Travel Fail: Locked In & Locked Out In Cuba

This is a scheduled post as I am currently away, see Me & My Backpack or Planning Vietnam for the details. 


Cuba, a 60 year time warp located 13 hours fly-time from our home in London. It was the first transatlantic adventure for The Wife and I (then girlfriend) and the longest flight I had ever ‘entertained’. It was dull and tiresome despite the wonderful infotainment system provided by Virgin Atlantic. Somehow, every time a movie finished I would check my watch and find there was still ten hours left to fly. Tedious, is the word. Until we landed.

An explosion of colour, music and joy was happening before our eyes. Bright houses, gleaming Cadillacs and vibrant clothes (and people) were soon surrounding us. Cuba was a delight, but it didn’t quite start out that way…

Before traveling to Cuba we were aware (and we always stress to people) that Cuba is no five-star destination resort; expect to see a little struggle and people ‘making the most’ of their situation. Service may lack, amenities may not be there and requests are not always accommodated (and Coffee can often be mixed with Peas – true story). So at the end of our long, hard, stressful journey we were surprised and pleased to arrive at our half decent, Havana home, Hotel Presidente. Check-in was a breeze and we were left to venture to our cozy, quaint, crazy room.

First stop for The Wife was the toilet, but not before grabbing a fresh t-shirt from her case. Five minutes later came the banging, screaming and tears. My fair lady appeared to be locked in the bathroom.. not the ideal situation, especially given that we were 20 hours awake, fresh in a foreign land and my only Spanish is the phrase “Firey Balls”. I stumble down to reception making worried faces and pointing to the number on my room key as two confused receptionists seem to struggle to understand me. 10 minutes later a maintenance man arrives with a burst of laughter at our situation. He opens the bathroom door but does not fix the problem and leaves unsatisfied as we hadn’t the change to tip him; the cynic in me thinks this would be an amazing scam.

I comfort The Wife and we enjoy the city view from our high-rise hotel room. Its a little run down out there but its charming in its own way. We can hear laughter from a school down below which assures us that everything will be OK, these things happen- lets look on the bright side… we’re in Cuba!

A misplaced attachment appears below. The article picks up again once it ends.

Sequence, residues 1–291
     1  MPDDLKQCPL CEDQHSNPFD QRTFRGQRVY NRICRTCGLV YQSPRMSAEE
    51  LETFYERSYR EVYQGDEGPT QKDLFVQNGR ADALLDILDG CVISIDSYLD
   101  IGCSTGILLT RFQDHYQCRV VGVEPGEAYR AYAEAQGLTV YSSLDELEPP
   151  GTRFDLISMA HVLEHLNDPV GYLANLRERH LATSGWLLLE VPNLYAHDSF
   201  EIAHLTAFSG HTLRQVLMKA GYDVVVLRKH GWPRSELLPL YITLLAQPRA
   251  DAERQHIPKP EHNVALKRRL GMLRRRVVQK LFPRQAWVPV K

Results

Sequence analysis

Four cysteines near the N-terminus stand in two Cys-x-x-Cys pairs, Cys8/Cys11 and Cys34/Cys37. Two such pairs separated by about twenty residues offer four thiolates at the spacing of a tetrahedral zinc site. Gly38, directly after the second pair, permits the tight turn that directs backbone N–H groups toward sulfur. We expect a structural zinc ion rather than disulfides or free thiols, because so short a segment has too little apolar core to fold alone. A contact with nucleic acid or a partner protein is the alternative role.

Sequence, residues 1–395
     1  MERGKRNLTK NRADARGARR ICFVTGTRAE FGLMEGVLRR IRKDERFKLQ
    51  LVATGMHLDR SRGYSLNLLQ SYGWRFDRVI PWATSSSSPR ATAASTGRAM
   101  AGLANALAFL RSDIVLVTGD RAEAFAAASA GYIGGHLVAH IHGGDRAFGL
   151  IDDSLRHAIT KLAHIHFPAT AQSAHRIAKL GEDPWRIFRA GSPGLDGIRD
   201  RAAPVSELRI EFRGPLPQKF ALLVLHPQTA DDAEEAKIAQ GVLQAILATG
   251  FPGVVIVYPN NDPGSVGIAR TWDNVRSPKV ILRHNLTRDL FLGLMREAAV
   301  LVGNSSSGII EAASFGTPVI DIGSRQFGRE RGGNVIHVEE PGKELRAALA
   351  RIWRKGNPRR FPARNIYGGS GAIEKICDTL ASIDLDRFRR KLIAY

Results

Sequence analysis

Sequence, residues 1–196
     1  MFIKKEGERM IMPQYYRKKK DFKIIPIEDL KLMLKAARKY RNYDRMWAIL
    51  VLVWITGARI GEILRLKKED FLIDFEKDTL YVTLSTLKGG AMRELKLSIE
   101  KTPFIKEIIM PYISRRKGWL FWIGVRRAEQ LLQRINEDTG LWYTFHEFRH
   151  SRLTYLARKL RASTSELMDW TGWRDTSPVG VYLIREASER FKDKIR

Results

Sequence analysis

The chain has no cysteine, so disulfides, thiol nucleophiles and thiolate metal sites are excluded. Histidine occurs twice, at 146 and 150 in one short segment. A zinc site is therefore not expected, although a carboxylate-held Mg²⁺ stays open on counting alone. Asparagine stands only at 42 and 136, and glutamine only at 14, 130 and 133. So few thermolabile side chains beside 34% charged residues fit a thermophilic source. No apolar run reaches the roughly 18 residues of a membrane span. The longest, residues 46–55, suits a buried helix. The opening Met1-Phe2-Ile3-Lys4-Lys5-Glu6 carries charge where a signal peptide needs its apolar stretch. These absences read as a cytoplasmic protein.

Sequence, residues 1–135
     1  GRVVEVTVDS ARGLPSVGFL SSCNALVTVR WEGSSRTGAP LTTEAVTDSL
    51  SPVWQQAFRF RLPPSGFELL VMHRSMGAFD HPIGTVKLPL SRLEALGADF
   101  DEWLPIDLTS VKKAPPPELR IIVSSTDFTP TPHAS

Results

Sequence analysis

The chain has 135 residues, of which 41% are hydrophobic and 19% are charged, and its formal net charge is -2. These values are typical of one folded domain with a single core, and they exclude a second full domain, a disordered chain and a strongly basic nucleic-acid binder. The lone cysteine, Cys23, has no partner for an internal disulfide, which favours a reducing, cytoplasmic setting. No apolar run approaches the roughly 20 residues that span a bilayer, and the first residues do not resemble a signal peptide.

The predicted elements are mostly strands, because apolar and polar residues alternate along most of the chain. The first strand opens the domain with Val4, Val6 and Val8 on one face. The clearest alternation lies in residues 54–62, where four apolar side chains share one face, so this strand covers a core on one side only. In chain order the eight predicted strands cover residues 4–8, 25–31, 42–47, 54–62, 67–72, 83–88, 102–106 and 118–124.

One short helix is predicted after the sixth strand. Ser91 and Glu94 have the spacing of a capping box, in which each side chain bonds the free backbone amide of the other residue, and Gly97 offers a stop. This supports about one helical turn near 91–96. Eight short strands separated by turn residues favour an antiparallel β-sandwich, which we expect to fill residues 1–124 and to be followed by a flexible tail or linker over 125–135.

We decide to unpack before we go to explore the town. Oh no. More screams of horror from The Wife. In her rush to grab a fresh t-shirt earlier she had locked her suitcase keys in her case! What a day. What an arrival.

Whilst this young traveler cannot fix broken doors, one thing he can do is open a suitcase without a key. Like Superman I reached for my handy travel biro, drive it straight through the zip mechanism and slide the case open like magic. I stood back in awe of my own magnificence, wiped The Wife’s tears away and put my cape back in my case.

Later that day I tainted my moment of magnificence a little by pee-ing with the door open. A man’s gotta do what a man’s gotta do and if a door don’t work, a door don’t work.

So here’s a life lesson we always take on our travels: check the doors work before locking yourself in and always keep your pen (and cape) handy.

WITH THANKS TO:
NICK KENRICK (MAIN IMAGE)

Coffee - dreamflydiscover

Have you ever been locked IN abroad? How about locked OUT? Ever had both at once, like us? We did have a blast in Cuba and I can’t wait to find the time to write more; have you been or dreamed of going? Let me know in the comments section below.

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